Download
northridge earthquake concrete structures n.
Skip this Video
Loading SlideShow in 5 Seconds..
Northridge Earthquake - Concrete Structures PowerPoint Presentation
Download Presentation
Northridge Earthquake - Concrete Structures

Northridge Earthquake - Concrete Structures

861 Views Download Presentation
Download Presentation

Northridge Earthquake - Concrete Structures

- - - - - - - - - - - - - - - - - - - - - - - - - - - E N D - - - - - - - - - - - - - - - - - - - - - - - - - - -
Presentation Transcript

  1. Northridge Earthquake - Concrete Structures

  2. Outline • Introduction • Types of Structures • Typical Failure Modes • Code Development • Conclusions

  3. Types of Structures • Parking Garages • Large plan areas – number of lateral systems minimized • Not limited to a specific type of parking garage: • Precast • Steel components • Cast in place concrete – post tensioned • Hybrid systems

  4. Types of Structures • Parking Garages • Ramps have the effect of shortening and stiffening adjacent columns • Precast elements often difficult to tie together • Performance far worse than other structures • 9 parking garages collapsed

  5. Types of Structures • Parking Garages • California State University • Moment resisting frame • Cast in place • Ductile – lateral • Precast • Brittle - gravity

  6. Types of Structures • Parking Garages

  7. Types of Structures • Office Buildings • Fared better than parking garages • Shear walls performed reasonably well • Cracked but did not collapse • Most could use epoxy grouting • Non-ductile structures showed brittle failure in columns and piers

  8. Types of Structures • Office Buildings

  9. Types of Structures • Residential Housing • Apartments • Precast concrete used in basement parking experienced mixed results • Concrete and wood structures above did not fare well • Post-tensioned slab failure

  10. Types of Structures • Residential Housing

  11. Typical Failure Modes • Column Failure • Tie failure • Tie distribution • Shear failure • Spiral columns • Steel to Concrete Connections • Tilt-up Buildings

  12. Typical Failure Modes • Joints • Beam hinging • Corner joints • Roof joints • Beam Alignment • Waffle Slab Failure

  13. Column Failure • Spalling • Vertical Reinforcement Concentrated in Corners • Inadequate Cover • Older Structures • Non-ductile

  14. Column Failure • Tie Failure • Occurred in numerous buildings

  15. Column Failure • Tie Distribution

  16. Column Failure • Shear Failure • Holiday Inn built in 1966 • Minor damage during 1971 earthquake • Red tagged, temporary shoring installed • Vertical column reinforcement between ties buckled – added confinement not provided by the concrete • Most severe damage between 4th and 5th floors

  17. Column Failure • Shear Failure

  18. Column Failure • Shear Failure

  19. Column Failure • Shear Failure • Champaign Tower • 15 story building in Santa Monica • Non-ductile moment frames & shear walls • Column spans shortened by balconies • Experienced full length shear cracks • Typical short column behavior • Structure did not collapse

  20. Column Failure • Shear Failure

  21. Column Failure • Spiral Reinforced Columns • Spiral ties are more effective than rectangular ties • Need about 30% more link steel • Columns in following pictures do not have adequate confinement • Concrete outside of steel is lost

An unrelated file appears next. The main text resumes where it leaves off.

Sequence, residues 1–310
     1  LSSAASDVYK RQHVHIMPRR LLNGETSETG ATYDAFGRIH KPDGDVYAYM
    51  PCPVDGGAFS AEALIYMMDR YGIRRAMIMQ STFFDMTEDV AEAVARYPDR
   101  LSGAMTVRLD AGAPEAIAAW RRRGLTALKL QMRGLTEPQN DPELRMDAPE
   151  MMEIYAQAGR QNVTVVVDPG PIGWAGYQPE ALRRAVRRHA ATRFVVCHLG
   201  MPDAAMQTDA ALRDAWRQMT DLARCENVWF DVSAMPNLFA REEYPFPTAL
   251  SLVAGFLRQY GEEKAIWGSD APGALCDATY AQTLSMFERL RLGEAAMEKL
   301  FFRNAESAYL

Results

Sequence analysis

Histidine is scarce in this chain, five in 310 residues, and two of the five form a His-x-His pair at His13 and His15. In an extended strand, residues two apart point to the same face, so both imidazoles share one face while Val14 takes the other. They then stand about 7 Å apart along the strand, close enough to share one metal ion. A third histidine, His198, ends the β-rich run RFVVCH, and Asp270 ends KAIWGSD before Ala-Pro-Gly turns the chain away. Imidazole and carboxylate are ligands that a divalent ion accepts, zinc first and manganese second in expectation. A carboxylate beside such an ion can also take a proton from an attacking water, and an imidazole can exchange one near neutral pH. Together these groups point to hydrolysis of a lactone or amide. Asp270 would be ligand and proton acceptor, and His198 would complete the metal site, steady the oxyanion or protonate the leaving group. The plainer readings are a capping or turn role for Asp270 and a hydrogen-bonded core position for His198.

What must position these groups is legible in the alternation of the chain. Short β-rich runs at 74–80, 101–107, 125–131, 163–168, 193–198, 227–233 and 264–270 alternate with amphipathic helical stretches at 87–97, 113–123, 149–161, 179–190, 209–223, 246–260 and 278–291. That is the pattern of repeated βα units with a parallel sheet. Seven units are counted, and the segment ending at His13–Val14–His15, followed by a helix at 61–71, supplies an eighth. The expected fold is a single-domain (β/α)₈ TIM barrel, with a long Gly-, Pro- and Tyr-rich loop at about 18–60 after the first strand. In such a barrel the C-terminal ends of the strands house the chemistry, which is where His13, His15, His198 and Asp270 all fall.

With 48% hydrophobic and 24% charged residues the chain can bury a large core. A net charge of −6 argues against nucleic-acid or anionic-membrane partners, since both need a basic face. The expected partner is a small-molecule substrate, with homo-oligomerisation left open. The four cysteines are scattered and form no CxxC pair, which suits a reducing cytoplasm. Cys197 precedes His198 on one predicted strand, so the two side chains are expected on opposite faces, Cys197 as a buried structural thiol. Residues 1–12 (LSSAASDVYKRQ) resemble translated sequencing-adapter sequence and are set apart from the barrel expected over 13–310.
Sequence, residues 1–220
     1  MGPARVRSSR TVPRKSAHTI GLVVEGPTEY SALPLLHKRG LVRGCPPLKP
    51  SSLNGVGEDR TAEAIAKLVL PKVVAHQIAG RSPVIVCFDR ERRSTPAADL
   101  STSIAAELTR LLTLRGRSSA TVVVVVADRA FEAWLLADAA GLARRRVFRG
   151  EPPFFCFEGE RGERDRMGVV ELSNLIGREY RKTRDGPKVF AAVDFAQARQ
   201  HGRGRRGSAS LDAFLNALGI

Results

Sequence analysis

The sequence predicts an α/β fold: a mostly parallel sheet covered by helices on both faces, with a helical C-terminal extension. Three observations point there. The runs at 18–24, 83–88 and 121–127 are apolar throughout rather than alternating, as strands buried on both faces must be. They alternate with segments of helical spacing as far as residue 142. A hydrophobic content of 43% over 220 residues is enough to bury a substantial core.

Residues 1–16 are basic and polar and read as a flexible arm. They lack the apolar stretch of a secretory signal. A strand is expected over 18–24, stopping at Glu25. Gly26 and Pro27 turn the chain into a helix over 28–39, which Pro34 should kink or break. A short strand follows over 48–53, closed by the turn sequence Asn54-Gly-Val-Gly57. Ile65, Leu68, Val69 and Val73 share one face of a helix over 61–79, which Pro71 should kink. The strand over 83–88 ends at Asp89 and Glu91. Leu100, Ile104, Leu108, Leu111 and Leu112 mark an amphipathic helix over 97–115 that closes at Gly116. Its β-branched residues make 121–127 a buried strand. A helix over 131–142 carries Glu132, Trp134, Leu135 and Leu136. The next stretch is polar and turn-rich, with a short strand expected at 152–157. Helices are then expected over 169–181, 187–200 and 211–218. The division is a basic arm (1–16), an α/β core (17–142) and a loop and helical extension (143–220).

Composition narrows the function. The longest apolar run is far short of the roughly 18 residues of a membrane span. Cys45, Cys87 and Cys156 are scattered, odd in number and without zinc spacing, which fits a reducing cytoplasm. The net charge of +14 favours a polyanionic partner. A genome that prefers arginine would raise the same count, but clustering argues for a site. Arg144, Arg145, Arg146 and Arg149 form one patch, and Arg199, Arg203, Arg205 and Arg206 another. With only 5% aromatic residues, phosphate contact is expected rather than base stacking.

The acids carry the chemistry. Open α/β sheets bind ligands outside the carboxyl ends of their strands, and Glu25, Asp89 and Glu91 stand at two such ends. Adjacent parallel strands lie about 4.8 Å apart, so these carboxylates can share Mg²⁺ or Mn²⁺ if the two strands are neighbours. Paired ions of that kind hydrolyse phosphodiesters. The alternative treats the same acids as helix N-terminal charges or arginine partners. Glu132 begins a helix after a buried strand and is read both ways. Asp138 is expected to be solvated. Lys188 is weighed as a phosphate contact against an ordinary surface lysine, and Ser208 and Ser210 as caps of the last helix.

22. Column Failure • Spiral Columns

  23. Steel to Concrete Connections

  24. Tilt-up Building Failure • Commonly Used for Industry, Warehouses • 300 Structures Damaged • Poor Connection Between Roof & Tilt-up Panels Caused Failures • 1976 UBC – Minimum Tie Reinforcement • Post 1976 construction fared better • Passed Retrofit Ordinance after Northridge • 2,100 structures need to be retrofitted

  25. Tilt-up Building Failure

  26. Tilt-up Building Failure

  27. Tilt-up Building Failure

  28. Joint Failure • Beam Hinging

  29. Joint Failure • Corner Joint • No transverse reinforcement • Insufficient anchorage for hooked bars • Widely spaced ties in members outside of the joint • No intermediate ties in column • Adequate confinement of concrete necessary

  30. Joint Failure • Corner Joint

  31. Joints • Roof Joint

  32. Beam Alignment Failure • Inadequate Connection of Beam to Column • Most Cases Experienced Concrete Spalling

  33. Beam Alignment Failure

  34. Beam Alignment Failure

  35. Waffle Slab Failure • Few Bars Passing Through Columns • Punching Failure • Transfer of Moment From Slab to Column • No Secondary Resistance • Progressive Failure

  36. Code Development • Various Code Changes Over Last 40 Years • Varying Seismic Resistances • 1976 UBC Code Is First Code Similar to Current Codes • Separates “modern” and “older” buildings

  37. Code Development • 1968 - Ductile Detailing in Frames • 1971 - Revised Detailing for Tilt-up Structures • 1976 - Design Forces Increased (Development of UBC) • 1988 - Improved Detailing of Shear Walls • 1994 - Shear Wall Design Provisions Introduced

  38. Code Development Since Northridge • 1997 - New Requirements for Welded & Mechanical Splices for Precast Structures • 1997 - Provisions for Seismic Design of Precast Concrete Structures • 1997 - Requirements for Frame Members That Are Not Part of LFR System Must Be Detailed for Maximum Inelastic Response

  39. Conclusions • Ductile Structures Fared Better • Parking Garages Suffered the Most Damage • Columns Lacked Confinement • Shear Failures Prevalent • Code Changes Seem to be Working